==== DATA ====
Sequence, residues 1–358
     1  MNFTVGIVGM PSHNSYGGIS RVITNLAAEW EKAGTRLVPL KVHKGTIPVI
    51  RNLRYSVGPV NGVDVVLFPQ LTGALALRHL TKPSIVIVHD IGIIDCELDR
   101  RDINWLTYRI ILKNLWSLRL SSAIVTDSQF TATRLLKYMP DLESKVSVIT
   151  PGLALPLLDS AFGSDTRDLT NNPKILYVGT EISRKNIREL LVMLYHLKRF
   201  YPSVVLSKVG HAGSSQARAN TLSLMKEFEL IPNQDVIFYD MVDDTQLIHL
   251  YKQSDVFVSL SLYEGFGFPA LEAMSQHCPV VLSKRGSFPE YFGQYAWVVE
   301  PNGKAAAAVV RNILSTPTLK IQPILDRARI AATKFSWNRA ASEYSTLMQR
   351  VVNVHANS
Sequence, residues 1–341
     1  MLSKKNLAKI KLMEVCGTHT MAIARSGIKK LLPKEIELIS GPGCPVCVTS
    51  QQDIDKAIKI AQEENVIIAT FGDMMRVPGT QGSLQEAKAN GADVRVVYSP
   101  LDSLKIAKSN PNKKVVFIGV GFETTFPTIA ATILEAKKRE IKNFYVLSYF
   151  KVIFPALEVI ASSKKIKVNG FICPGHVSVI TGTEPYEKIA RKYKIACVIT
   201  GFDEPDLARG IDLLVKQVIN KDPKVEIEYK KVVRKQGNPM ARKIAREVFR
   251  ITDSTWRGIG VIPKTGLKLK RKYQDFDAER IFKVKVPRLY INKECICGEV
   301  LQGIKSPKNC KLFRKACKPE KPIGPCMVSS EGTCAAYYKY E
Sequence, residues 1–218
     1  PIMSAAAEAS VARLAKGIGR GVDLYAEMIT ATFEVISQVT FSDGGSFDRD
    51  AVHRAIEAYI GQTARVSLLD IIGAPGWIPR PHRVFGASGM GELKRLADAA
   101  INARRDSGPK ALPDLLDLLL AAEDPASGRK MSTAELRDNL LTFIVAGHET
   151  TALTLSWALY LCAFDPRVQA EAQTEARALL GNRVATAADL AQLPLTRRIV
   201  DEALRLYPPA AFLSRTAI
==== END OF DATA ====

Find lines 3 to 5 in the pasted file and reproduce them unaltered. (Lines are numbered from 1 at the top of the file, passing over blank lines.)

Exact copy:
    51  RNLRYSVGPV NGVDVVLFPQ LTGALALRHL TKPSIVIVHD IGIIDCELDR
   101  RDINWLTYRI ILKNLWSLRL SSAIVTDSQF TATRLLKYMP DLESKVSVIT
   151  PGLALPLLDS AFGSDTRDLT NNPKILYVGT EISRKNIREL LVMLYHLKRF